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  • Strongly-Typed Recurrent Neural Networks

    Recurrent neural networks are increasing popular models for sequential learning. Unfortunately, although the most effective RNN architectures are perhaps excessively complicated, extensive searches have not found simpler alternatives. This paper imports ideas from physics and functional programming into RNN design to provide guiding principles. From physics, we introduce type constraints, analogous to the constraints that forbids adding meters to seconds. From functional programming, we require that strongly-typed architectures factorize into stateless learnware and state-dependent firmware, reducing the impact of side-effects. The features learned by strongly-typed nets have a simple semantic interpretation via dynamic average-pooling on one-dimensional convolutions. We also show that strongly-typed gradients are better behaved than in classical architectures, and characterize the representational power of strongly-typed nets. Finally, experiments show that, despite being more constrained, strongly-typed architectures achieve lower training and comparable generalization error to classical architectures.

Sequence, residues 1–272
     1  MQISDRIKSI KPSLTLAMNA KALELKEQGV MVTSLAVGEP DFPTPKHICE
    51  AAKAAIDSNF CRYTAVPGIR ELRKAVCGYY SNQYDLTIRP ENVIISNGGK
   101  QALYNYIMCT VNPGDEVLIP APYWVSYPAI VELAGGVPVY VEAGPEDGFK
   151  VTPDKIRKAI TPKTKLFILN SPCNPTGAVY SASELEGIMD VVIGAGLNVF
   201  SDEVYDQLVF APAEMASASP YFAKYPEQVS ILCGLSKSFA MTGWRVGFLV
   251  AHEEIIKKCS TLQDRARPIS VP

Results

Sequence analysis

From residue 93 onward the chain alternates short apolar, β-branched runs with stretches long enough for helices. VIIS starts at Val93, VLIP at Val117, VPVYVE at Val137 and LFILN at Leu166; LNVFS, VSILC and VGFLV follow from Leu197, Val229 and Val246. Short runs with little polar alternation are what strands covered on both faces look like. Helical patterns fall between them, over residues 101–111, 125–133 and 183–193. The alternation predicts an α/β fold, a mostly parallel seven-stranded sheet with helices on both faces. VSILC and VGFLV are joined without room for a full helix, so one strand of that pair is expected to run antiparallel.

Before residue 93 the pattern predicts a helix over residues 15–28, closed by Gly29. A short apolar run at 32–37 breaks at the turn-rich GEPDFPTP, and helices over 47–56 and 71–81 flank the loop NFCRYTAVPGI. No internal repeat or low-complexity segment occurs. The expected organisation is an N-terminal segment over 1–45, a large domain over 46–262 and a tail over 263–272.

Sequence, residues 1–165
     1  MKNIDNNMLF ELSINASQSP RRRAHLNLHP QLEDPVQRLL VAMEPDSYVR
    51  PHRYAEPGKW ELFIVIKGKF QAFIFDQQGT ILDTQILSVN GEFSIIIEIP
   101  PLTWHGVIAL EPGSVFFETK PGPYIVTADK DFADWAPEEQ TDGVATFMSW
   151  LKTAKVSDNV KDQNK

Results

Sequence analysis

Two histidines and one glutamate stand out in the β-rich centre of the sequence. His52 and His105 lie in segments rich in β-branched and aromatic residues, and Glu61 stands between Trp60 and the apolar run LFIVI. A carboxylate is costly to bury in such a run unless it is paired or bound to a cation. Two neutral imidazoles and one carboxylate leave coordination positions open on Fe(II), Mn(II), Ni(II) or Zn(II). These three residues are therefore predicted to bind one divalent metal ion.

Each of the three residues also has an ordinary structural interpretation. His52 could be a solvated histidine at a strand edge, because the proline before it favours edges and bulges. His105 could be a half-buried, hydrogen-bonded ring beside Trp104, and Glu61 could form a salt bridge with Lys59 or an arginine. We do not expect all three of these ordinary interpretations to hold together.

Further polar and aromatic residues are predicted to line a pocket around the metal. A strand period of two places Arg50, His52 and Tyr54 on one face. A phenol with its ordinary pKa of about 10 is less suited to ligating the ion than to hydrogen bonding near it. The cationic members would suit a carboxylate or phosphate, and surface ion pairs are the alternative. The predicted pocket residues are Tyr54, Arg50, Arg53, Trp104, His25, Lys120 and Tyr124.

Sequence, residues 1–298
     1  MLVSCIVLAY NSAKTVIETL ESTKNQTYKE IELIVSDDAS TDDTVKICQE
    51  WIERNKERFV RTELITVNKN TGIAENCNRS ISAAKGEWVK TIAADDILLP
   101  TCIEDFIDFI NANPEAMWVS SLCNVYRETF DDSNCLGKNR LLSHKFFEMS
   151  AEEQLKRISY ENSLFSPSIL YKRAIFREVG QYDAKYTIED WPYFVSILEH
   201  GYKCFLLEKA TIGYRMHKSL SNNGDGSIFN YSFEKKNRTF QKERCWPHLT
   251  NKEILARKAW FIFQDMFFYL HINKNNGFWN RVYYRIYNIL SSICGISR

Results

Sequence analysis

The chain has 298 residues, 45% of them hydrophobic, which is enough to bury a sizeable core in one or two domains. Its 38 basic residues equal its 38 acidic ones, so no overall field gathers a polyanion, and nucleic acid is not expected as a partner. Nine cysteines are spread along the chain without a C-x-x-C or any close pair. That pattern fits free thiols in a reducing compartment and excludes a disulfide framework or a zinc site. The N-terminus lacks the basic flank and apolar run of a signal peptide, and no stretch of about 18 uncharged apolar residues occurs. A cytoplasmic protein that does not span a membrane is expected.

02/06/2016 ∙ by David Balduzzi, et al. ∙ 0 share

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  • Deep Online Convex Optimization by Putting Forecaster to Sleep

    Methods from convex optimization such as accelerated gradient descent are widely used as building blocks for deep learning algorithms. However, the reasons for their empirical success are unclear, since neural networks are not convex and standard guarantees do not apply. This paper develops the first rigorous link between online convex optimization and error backpropagation on convolutional networks. The first step is to introduce circadian games, a mild generalization of convex games with similar convergence properties. The main result is that error backpropagation on a convolutional network is equivalent to playing out a circadian game. It follows immediately that the waking-regret of players in the game (the units in the neural network) controls the overall rate of convergence of the network. Finally, we explore some implications of the results: (i) we describe the representations learned by a neural network game-theoretically, (ii) propose a learning setting at the level of individual units that can be plugged into deep architectures, and (iii) propose a new approach to adaptive model selection by applying bandit algorithms to choose which players to wake on each round.

    09/06/2015 ∙ by David Balduzzi, et al. ∙ 0 share